Thimpu in Forty Hours (Part One)
This day, last year, after passing through the most picturesque countryside, driving up hill and down dale along giddy curves, I arrived at the Dragon Roots Hotel in Thimpu.
Adjacent to the Clock Tower Square, the hotel had hosted refreshments (lunch actually, but yours truly clocked in at tea-time) for participants as and when they zipped into the parking lot. Tired, yet excited to begin exploring the quaint capital city of Bhutan, I quickly wolfed down the customary salty tea served with sweet rice, before re-loading my plate with crisp, spicy fried rice, momos and a samosa-like snack called shingara. The tea would take some getting used to; the rest of the spread was all delicious.
Later, checking into the Pedling Hotel, I all but threw the contents of my rally-battered Samsonite into the laundry basket, showered and layered up for the stunning cold outdoors. I had about an hour to browse around before the official reception back at the Dragon Roots.
Walking around a marketplace in the vicinity, I was struck by the uniformity around me. Shop-fronts, hotel facades, residences had proudly adopted traditional architectural styles and features, notably nail-less wooden frames and elaborately painted trefoil-shaped windows. Infusing it with a look generally associated with lovingly manicured lawns, beautifully laid out flowerbeds, hedges trimmed to perfection.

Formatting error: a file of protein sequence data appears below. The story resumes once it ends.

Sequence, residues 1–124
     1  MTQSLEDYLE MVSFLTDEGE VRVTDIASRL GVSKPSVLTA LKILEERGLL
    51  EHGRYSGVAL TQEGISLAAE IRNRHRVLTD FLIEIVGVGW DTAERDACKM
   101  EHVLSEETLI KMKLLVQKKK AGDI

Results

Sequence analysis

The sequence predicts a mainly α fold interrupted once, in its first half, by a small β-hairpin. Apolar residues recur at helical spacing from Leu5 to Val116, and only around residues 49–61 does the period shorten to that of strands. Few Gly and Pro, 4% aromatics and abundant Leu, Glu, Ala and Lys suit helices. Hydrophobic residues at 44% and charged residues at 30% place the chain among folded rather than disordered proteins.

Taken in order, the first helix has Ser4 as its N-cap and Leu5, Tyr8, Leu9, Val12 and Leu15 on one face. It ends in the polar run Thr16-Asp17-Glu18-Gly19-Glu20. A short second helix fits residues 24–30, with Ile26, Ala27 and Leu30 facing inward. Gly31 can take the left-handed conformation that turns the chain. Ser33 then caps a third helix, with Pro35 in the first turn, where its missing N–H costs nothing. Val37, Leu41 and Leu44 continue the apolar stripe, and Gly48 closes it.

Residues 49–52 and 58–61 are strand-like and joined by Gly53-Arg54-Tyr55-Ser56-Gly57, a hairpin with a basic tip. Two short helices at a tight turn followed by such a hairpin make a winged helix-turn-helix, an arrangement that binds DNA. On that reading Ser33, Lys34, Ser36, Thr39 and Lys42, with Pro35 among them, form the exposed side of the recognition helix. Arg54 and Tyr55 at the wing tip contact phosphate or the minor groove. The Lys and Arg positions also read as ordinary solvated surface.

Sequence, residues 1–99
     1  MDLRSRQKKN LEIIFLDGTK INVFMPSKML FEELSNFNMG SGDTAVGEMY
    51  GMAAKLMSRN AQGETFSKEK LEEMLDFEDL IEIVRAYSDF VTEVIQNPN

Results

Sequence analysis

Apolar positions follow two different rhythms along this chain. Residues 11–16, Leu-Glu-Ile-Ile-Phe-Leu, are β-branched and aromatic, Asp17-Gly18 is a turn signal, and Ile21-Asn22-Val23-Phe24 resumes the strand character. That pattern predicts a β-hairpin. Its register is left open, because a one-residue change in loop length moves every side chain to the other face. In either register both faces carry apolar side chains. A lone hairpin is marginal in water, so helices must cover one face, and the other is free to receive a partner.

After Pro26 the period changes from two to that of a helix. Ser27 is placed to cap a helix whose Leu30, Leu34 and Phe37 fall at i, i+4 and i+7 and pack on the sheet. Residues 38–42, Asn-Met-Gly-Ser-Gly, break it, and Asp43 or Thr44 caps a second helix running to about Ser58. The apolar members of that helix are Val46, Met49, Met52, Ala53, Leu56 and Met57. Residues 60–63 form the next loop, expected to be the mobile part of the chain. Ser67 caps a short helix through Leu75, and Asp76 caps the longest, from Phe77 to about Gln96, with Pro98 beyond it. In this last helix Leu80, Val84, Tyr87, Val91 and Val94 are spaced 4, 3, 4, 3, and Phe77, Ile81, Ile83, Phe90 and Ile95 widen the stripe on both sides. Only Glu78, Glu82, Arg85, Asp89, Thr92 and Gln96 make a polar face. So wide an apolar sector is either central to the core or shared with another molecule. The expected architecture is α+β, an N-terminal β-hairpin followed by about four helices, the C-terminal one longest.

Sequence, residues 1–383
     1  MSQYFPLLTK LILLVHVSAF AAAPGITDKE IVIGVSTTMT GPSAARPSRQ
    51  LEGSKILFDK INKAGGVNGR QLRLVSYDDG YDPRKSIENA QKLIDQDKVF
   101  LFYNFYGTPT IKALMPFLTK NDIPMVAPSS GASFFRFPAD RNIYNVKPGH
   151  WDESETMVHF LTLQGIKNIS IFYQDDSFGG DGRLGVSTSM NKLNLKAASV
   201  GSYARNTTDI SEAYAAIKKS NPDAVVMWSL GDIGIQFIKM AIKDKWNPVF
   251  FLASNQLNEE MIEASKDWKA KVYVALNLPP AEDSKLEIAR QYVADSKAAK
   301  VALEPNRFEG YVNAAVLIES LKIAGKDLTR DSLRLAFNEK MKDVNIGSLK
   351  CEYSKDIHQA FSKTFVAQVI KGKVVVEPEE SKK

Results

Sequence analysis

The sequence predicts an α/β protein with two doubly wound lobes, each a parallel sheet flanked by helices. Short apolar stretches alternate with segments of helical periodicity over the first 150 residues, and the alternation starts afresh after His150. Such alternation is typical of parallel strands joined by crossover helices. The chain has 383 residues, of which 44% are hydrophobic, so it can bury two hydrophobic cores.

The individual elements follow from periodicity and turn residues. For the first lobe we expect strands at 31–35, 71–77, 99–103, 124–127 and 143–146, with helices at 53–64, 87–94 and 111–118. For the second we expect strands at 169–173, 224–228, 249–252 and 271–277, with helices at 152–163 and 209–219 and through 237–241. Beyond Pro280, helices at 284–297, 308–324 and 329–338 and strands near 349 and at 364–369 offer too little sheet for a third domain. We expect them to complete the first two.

Well-laid out streets were coming alive with lights as I trudged my way to Dragon Roots once again. While everyone had scrubbed up squeaky clean, the Bhutanese stood out in particular. They are required to attire traditionally for all official and ceremonial occasions.
The girls had exchanged their overalls/ tracks/denim wear for the kira (ankle-length wrap-around skirt) and toega (jacket with undershirt), and the guys for the kangaroo-pouched gho (knee-length robe); justifiably earning their men-in-skirts sobriquet!
The next day began early as the Indian Embassy was hosting breakfast for the participants at its sprawling India House Estate. Our cavalcade snaked up along a broad, weeping-willow-lined boulevard, into the Embassy grounds and past the Chancellery to halt at the golf course.
The spot marked by colourful fluttering shamianas, backed up by thickly forested mountains, provided one of the finest panoramas of the valley; the Dzong in the foreground, the Thimpu Chu (river) shimmering back at the sun as it playfully bobbed by, and the faint silhouette of a scaffold-wrapped statue of the seated Buddha. The course was perfect in its quietude and serenity, yet I was unwilling to linger beyond breakfast, as the city attractions beckoned…